A Myth of Swiss Historical Culture

In 2006, when a textbook entitled “Die Schweiz und die Zeit des Nationalsozialismus im Licht aktueller Fragen” (Switzerland and the National Socialist era in the light of current issues) was published in German-speaking Switzerland, the team of authors prefaced the chapter on the post-World War I years and World War II with the image of the Swiss parliament building standing on a massive rock, supported by retaining walls and surrounded by rough seas (see postcard).[1] This image refers to a powerful Swiss myth: the postcard from 1914 showed the dominant view of Switzerland’s position in the world in the 20th century. This image crystallised in World War I and has since remained present in mythical idealisation and as an object of political controversy.

The concept of a peaceful but armed island standing amidst the confusion of war is inseparably associated with Switzerland in World War I.[2] Over the course of the 19th century, transnational existences and a powerful exchange between the emerging nations across all areas were considered a matter of course; however, World War I altered the official representation of Switzerland. This concept of an island determined and shaped the hegemonic narrative, not only in contemporary historical culture and politics, but it is still used today in attempts to define Switzerland’s position in the world.[3]

Armed Neutrality: Securing a Safe Haven

In 1914, the Swiss government expected to have to forfeit neutrality if the war endured.[4] The image of a country that stayed detached and that was spared the upheaval of conflict was already widely used during the war and was presented with a variety of connotations. The island was a powerful image for this purpose (see postcard). Already during World War I, but in particular in the early 1930s, there was a deliberate move to boost the myth that neutrality defended by military means had preserved Switzerland from the war (see postcard).

Although the myth of the freely-chosen status of an island, which was guaranteed by military defence (“border occupation”), persisted until the end of the Cold War, the reasons why Switzerland was spared from the conflict were controversial from the outset. In Catholic circles, God was credited, while military defence was not only considered of secondary importance (see image), but, for example at the ex-voto in Flüeli, the efforts of the military were even ridiculed.[5]

The general public was also aware that Swiss neutrality was the result of an arrangement between the European powers in 1815.[6] On the 1914 postcard, only the French caption indicates that the renewal of neutrality was subject to consent. The German caption employs hazy wording that diverges from this fact, thus illustrating the different concepts of the state in the different language regions.[7] Moreover, during the war years, there was a predominant idea that the political and military symbol of the island was flanked by the Swiss economy’s global commercial involvement and activities, and the country's dependence on imports (such as coal, steel, grain). The connection of the idea of Switzerland as an island with self-chosen neutrality and the independence guaranteed by the military is the product of later years. However, this concept was established and legitimated by referring to Switzerland in World War I. Thus, before and during World War II, the island myth served to obscure the nation’s deeply political and economic dependency, and during the Cold War it concealed Switzerland’s economic integration in the Western Bloc. Today, the metaphor of Switzerland as an island is flourishing again within the context of the debate on Switzerland’s position with regard to the European Union (see image).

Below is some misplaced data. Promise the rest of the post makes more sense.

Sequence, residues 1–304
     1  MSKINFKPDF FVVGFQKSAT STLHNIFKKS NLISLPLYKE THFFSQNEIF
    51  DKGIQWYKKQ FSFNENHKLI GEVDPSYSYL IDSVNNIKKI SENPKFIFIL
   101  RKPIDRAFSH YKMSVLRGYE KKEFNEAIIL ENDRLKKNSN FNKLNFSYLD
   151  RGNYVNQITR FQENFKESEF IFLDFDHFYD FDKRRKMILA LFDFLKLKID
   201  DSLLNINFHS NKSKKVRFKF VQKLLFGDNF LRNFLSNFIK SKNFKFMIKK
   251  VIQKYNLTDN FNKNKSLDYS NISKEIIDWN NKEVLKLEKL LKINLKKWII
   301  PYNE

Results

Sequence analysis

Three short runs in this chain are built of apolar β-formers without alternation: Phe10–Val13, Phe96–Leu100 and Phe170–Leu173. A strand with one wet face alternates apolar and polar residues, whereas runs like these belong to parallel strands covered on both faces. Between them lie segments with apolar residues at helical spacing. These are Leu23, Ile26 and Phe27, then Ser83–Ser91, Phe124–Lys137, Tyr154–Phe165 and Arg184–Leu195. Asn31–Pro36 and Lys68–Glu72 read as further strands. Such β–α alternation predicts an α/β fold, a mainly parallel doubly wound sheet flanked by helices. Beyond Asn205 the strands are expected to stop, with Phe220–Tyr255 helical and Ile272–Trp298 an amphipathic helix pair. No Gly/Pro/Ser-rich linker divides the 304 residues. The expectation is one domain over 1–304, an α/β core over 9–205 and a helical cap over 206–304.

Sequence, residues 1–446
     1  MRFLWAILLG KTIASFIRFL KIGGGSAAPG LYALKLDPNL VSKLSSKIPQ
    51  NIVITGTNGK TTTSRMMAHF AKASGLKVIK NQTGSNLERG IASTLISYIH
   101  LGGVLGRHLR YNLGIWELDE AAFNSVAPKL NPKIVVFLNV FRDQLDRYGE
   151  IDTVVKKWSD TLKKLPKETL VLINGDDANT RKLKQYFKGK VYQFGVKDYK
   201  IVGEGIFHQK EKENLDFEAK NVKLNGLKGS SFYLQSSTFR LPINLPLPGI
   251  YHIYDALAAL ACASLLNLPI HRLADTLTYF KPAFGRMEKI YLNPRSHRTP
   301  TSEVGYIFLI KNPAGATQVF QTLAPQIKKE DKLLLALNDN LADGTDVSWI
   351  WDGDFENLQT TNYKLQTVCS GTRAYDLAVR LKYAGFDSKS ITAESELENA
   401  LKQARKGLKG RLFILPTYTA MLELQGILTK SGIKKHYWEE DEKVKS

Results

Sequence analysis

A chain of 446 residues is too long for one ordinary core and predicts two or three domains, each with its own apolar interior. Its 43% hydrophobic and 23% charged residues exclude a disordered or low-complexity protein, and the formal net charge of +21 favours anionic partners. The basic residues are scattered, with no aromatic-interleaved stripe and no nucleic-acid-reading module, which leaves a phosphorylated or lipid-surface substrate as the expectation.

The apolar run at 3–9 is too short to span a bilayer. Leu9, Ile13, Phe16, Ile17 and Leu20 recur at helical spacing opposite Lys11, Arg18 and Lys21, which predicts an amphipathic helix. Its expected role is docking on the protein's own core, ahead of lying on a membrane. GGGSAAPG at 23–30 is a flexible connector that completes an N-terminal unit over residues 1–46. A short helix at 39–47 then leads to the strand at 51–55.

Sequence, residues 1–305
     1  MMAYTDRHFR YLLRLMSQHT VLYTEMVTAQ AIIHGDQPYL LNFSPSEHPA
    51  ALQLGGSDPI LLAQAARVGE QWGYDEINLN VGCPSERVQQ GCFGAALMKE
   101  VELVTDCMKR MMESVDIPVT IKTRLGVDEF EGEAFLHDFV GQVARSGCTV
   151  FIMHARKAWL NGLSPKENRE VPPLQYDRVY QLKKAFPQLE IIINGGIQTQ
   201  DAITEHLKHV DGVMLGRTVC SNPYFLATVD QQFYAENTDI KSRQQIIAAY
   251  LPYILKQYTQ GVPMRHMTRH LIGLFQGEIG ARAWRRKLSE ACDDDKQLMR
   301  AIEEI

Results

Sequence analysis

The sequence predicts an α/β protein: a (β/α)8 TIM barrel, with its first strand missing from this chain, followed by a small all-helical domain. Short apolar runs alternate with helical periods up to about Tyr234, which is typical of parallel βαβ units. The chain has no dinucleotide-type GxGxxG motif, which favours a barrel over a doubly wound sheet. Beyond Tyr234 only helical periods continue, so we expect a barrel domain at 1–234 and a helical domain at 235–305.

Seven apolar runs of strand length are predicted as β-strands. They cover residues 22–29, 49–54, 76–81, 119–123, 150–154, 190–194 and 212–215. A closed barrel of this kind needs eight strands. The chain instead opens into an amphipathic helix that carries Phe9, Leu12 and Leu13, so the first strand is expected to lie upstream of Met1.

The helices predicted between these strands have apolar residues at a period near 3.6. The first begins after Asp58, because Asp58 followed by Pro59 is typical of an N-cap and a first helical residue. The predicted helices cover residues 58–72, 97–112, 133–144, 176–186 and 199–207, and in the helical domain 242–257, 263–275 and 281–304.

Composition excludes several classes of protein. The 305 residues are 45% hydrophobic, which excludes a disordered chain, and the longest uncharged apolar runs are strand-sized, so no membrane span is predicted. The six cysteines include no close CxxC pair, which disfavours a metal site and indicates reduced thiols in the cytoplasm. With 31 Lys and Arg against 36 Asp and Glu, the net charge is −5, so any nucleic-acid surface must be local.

The Island as a Humanitarian Beacon

Already during the war, the myth of an island protected from conflict was charged with the humanitarian tradition that Switzerland laid claim to. Humanitarian aid to the war-ravaged world was also emphasised in part to pre-empt the accusation that Switzerland was deliberately and selfishly standing on the sidelines (see postcard). There has been a strong focus on the achievements of the International Committee of the Red Cross since World War I (see postcard), and also the internment of soldiers during the Franco-Prussian War and subsequently in both world wars. In addition, since the Cold War, Switzerland’s Good Services have been viewed in this light.[8]

The Island as Subject of Academic History

Historical research has returned time and time again to the island metaphor. The dominant narrative on Switzerland’s position in World War I, which has endured until recent times, reinforced the island myth. It did so particularly by viewing the state’s political actions and economic activities as separate spheres. Only in the past few years has the focus shifted to a unified perspective, and the idea of Switzerland as an island untouched by the confusion and strife of the world has been called a myth.[9]

Béatrice Ziegler, Pädagogische Hochschule Fachhochschule Nordwestschweiz and University of Zurich

Section Editors: Roman Rossfeld; Daniel Marc Segesser